Taking on the US in a military combat is no child’s play and the world knows it. The United States is the world’s largest economy and is a lethal military force that holds a highly sophisticated arsenal. It seems, however, that North Korea is headed towards an all-out conflict with the US. Over the past few years Pyongyang has been flexing its muscles, threatening the US with missile attacks which, it claims, can reach mainland US. Recently, North Korea’s attitude has become a lot more aggressive. The rather public tiff between Donald Trump and Kim Jong-un has marked an all-time low in the relations between the two countries.
Donald Trump’s warning to unleash “fire and fury” on North Korea, one that the world has never seen before, may be tough talk but is not quite enough to send the North Korean leader Kim Jong Un scurrying into the bunker. Within hours, North Korea responded that it would envelop Guam, a US island territory in the Western Pacific, with fire. What, exactly, is North Korea doing? Despite knowing the consequences of a full blown (albeit suicidal) war with the US why is North Korea, a nation with shaky infrastructure and a largely poor population, itching to take on the United States?
Is North Korea muscle flexing for concessions and recognition?
Over the past few years North Korea has been testing various missiles to enhance its power and prestige. The United States is not the only nation on North Korea’s radar. It has threatened Japan and its neighbor South Korea, both US allies. North Korea has a dictatorial form of government; the country is run by its dictator Kim Jong-un and his regime is a very brutal one. In fact, the nation’s refusal to abide by international laws, its undeterred pursuance of nuclear weapons, and its oppressive treatment of its own populace has earned it the reputation of being a “rogue nation”.
North Korea’s threat stems from the fact that it wants an assurance that the nation will not be attacked or even stifled by economic sanctions. In a nutshell, Kim Jong Un wants his regime to survive. What annoys North Korea is the refusal of the United States to accept it as a global nuclear power. In fact, the US wants North Korea to give up its nuclear weapons and open the country up to UN inspectors. North Korea feels that this may be detrimental to its very existence. The US has a strong military presence in Guam which is a little more than 2,000 miles from North Korea.
North Korea’s foreign affairs – Russia, China and Iran
It case war does break out, the international community is highly likely to back the US. Russia, China, and Iran, however, may remain neutral given their close ties with North Korea.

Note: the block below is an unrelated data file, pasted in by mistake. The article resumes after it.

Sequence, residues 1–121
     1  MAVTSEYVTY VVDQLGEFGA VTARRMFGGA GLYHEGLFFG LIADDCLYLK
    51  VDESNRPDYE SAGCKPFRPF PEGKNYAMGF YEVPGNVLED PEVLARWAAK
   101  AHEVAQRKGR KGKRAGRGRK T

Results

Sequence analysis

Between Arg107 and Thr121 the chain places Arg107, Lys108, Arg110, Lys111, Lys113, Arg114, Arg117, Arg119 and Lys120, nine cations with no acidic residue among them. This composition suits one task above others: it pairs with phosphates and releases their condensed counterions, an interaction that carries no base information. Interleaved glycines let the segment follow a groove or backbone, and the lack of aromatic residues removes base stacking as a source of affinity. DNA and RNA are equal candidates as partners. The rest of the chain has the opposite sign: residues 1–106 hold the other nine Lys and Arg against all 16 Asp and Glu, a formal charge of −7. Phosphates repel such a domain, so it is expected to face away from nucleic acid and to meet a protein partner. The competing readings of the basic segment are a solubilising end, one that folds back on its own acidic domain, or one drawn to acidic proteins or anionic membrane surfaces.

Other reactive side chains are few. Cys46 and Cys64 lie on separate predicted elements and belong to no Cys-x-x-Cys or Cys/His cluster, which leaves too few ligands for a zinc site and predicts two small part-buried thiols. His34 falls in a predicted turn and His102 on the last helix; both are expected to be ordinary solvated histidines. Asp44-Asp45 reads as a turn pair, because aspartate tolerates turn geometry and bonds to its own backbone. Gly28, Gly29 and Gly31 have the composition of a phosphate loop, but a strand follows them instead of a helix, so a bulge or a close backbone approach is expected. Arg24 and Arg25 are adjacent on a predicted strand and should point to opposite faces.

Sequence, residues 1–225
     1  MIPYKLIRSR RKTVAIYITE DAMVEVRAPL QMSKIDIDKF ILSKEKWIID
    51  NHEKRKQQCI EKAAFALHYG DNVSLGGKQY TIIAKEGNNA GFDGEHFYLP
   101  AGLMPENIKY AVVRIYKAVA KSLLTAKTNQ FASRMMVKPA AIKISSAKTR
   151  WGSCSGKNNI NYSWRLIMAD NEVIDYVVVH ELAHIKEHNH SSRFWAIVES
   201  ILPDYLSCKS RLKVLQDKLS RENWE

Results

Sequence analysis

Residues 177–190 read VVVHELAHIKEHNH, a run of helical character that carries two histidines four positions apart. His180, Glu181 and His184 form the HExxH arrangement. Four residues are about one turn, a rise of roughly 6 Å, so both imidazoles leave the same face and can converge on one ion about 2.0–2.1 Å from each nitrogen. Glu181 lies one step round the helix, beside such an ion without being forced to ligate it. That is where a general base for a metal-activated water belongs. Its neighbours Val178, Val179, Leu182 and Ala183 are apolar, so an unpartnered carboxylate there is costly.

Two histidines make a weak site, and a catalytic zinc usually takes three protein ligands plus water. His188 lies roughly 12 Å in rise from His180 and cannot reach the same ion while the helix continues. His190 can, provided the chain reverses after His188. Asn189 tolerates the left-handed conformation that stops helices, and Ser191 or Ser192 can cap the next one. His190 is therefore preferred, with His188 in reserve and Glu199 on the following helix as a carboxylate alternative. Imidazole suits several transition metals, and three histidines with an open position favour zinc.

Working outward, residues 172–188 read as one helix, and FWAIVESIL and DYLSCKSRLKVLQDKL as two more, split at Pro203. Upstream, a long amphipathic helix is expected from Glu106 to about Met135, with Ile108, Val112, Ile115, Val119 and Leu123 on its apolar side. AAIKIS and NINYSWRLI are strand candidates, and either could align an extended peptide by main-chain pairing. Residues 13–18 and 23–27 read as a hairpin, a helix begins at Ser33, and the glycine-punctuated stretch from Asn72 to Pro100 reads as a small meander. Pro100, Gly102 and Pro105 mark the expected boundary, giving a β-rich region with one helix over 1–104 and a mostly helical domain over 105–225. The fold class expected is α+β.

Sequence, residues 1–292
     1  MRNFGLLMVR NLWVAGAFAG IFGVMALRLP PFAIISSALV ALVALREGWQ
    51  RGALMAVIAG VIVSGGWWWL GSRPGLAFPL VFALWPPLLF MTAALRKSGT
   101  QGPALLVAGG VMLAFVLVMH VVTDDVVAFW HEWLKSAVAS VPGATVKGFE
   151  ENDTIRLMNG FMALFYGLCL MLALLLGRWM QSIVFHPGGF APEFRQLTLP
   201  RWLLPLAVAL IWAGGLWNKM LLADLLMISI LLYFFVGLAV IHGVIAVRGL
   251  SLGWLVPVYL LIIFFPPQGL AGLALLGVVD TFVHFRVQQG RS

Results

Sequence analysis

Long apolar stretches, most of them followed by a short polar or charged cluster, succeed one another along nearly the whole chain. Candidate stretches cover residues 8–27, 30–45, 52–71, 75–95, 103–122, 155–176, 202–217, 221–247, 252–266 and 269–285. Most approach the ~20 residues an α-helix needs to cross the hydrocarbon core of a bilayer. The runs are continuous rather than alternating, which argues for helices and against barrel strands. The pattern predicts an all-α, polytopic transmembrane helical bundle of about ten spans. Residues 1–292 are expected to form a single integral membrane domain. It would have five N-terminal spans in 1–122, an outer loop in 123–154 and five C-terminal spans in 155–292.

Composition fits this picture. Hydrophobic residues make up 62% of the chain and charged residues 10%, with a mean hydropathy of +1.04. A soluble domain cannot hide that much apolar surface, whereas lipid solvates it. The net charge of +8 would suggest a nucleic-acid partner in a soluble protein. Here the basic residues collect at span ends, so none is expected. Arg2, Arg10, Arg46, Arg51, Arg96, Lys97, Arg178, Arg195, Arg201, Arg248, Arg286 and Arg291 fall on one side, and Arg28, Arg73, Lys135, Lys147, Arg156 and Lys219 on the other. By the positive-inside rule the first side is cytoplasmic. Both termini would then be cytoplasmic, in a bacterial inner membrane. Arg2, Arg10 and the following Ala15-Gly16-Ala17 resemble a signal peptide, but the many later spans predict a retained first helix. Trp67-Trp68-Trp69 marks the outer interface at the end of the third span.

North Korea shared close ties with the former USSR. Following the disintegration of the USSR, North Korea’s ties with Russia have only strengthened. Though Putin has opposed the missile tests conducted by North Korea, he has also spoken against the joint military exercises conducted by South Korea and the US in the region. Russia also has strong trade ties with North Korea; trade between the two countries grew by about 73 percent in the first two months of 2017. In fact the two nations declared 2015 a ‘year of friendship’.
Despite the fact that China had opposed North Korea’s recent missile test, it is still the North’s closest ally. Relations between the countries have deteriorated with Kim Jong Un’s ascent to power in 2011 and with China exerting pressure on the North to put an end to its nuclear tests and missile launches. In February 2017, China suspended coal imports from North Korea to enforce UN sanctions but fell short of blocking food and energy supplies. The Sino-North Korea Friendship, Cooperation, and Mutual Assistance Treaty, signed in 1961, may, however, force China to intervene if the US strikes first.
Iran also maintains close ties with Pyongyang. On August 3, 2017, Kim Yong Nam, president of the Supreme People’s Assembly and the number two official in North Korea, landed in Tehran for a 10-day visit. Further, North Korea has opened an embassy in Tehran. It remains to be seen how these nations will react in the eventuality of war.
There are also claims of Pakistan having supplied North Korea the required nuclear technology to build its arsenal. Dr. A Q Khan, a senior atomic research scientist from Pakistan, allegedly traveled to North Korea and provided them with the technology.
Can North Korean Missiles reach the US, South Korea and Japan?
North Korea’s short-range missiles can reach South Korea and Japan. North Korea’s missile program accelerated last year and in May 2017 it launched an intermediate-range ballistic missile which puts Guam within reach. The Hwasong-14 (intercontinental ballistic missile), which was tested this July and has a range of 6,000 miles, and is believed to have the capability of striking any target in the Northern Hemisphere.
Last week, North Korea and the US decided to tone down the belligerent exchanges that were being exchanged and Kim Jong Un announced his decision to postpone missile testing near Guam. The US also said that it was at a standoff with North Korea. The international community is hopeful that diplomatic efforts will replace threats and military action.